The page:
The FCA has expressly acknowledged the overlap between the FCA’s existing MiFID II-derived rules on the manufacture of investment products in its Product Intervention and Product Governance Sourcebook (PROD) and the new Consumer Duty provisions on manufacturer product governance arrangements. In response to industry feedback that the application of both sets of rules may lead to uncertainty and could be disproportionate, “adding costs with minimal benefits”, the new Consumer Duty provisions gives manufacturers subject to the existing PROD rules the choice of applying the existing processes under PROD 3, rather than the new processes set out in new PRIN 2A.3.
Whilst this is almost certainly designed to be helpful, it does leave product manufacturers a choice they will want to consider carefully. Many manufacturers will want to take this decision on an informed basis, particularly since the FCA has emphasised that, whilst the new rules in PRIN 2A.3 “are broadly the same” as those in PROD 3, “there are differences.” At one level, there is a risk that at least some of the processes set out in PROD 3 could increasingly come to seen as ‘best practice’ and effectively amplify the requirements in PROD 3, even for those firms who elect to apply the legacy rules; there may also be challenges that come from other firms in the distribution chain making a different election, particularly in respect of the flow of point of sale information back up the distribution chain. It is also worth emphasising that the choice of applying the legacy PROD rules rather than the new Consumer Duty rule is only available for the products and services outcome, and not for the Consumer Duty provisions on price and value, consumer understanding or consumer support. With this in mind, whether product manufacturers choose to apply the new Consumer Duty rules in full or not, there will be important differences for them to reflect in their processes.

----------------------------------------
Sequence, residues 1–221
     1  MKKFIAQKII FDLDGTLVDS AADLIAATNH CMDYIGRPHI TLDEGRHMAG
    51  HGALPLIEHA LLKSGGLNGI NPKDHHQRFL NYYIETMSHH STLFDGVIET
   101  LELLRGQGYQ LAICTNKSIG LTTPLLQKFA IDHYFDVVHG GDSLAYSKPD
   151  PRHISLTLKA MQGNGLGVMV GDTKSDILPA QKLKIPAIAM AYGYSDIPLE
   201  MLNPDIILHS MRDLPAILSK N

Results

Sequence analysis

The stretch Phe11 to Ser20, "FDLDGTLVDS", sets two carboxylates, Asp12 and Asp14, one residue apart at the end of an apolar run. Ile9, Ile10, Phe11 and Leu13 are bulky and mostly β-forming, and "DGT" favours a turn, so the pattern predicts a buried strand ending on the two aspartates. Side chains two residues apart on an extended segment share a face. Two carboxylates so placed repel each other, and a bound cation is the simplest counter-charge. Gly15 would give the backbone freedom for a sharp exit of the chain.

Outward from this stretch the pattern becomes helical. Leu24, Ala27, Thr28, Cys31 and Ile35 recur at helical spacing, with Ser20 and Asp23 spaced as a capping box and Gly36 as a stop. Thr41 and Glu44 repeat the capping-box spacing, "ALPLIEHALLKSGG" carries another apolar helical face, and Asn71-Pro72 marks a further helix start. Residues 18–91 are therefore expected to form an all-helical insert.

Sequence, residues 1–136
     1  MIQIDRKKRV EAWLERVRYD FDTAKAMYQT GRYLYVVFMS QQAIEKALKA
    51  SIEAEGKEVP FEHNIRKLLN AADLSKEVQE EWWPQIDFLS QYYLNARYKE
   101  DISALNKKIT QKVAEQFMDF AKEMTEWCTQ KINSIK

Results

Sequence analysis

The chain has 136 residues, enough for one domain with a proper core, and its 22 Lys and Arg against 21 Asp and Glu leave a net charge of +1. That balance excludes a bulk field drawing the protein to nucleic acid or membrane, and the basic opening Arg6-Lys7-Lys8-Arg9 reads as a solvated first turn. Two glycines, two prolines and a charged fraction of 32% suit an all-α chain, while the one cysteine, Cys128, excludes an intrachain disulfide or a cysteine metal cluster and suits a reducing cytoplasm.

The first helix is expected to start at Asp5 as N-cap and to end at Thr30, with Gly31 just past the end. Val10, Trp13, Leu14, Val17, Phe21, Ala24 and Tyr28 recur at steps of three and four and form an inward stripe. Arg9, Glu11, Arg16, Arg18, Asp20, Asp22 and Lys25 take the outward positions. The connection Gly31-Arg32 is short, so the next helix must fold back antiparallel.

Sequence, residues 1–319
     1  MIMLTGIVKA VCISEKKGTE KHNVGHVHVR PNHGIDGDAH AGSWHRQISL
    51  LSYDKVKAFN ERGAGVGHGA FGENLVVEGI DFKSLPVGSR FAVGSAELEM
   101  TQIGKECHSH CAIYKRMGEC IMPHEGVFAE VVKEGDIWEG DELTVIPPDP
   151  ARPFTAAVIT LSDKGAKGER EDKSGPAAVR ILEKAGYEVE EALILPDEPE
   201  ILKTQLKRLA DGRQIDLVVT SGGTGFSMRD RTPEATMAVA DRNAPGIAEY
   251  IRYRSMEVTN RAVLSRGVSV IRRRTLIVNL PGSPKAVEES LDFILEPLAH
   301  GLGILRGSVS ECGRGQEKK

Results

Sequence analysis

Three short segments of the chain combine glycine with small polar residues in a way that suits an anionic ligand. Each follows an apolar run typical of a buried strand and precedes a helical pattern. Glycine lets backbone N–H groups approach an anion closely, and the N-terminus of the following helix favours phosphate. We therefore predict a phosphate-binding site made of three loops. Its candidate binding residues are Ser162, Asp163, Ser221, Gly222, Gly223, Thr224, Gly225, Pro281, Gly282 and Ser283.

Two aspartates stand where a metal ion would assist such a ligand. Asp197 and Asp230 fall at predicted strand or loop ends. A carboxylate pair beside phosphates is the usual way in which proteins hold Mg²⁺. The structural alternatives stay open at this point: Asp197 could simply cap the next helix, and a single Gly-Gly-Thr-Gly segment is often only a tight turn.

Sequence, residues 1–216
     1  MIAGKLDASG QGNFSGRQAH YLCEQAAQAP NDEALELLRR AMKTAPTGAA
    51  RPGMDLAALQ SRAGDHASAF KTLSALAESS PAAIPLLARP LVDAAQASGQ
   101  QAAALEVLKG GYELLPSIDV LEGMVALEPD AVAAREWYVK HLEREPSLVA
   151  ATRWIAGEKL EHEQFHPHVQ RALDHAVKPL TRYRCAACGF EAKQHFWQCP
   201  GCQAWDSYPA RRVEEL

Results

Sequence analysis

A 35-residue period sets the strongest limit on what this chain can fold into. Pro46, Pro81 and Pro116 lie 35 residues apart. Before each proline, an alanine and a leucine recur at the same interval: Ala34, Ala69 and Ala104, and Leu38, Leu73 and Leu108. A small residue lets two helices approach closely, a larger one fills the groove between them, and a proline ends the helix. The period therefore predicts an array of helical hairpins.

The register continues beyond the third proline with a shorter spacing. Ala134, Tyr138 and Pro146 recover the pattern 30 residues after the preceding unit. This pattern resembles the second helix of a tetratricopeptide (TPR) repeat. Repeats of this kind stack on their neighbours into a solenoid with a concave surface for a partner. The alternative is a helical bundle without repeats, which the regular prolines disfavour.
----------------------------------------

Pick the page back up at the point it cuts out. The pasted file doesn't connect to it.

Product manufacturers should also be aware that the FCA has effectively accelerated aspects of their consumer duty implementation. Whilst the Consumer Duty is not due to apply to new products and services and products and services that remain on sale or open for renewal until 31 July 2023, paragraph 12.11 of PS22/9 makes clear that “Manufacturers should aim to complete all the reviews necessary to meet the four outcome rules for their existing open products and services by the end of April 2023, so that they can: share with distributors by the end of April 2023 the information necessary for them to meet their obligations under the Duty… [and] identify where changes need to be made to their existing open products and services to meet the Duty and implement these remedies by the end of July 2023.”
In other words, manufacturers are expected to have their implementation plans ready ahead of time, in order for distributors to take manufacturers’ changes into account in their own implementation.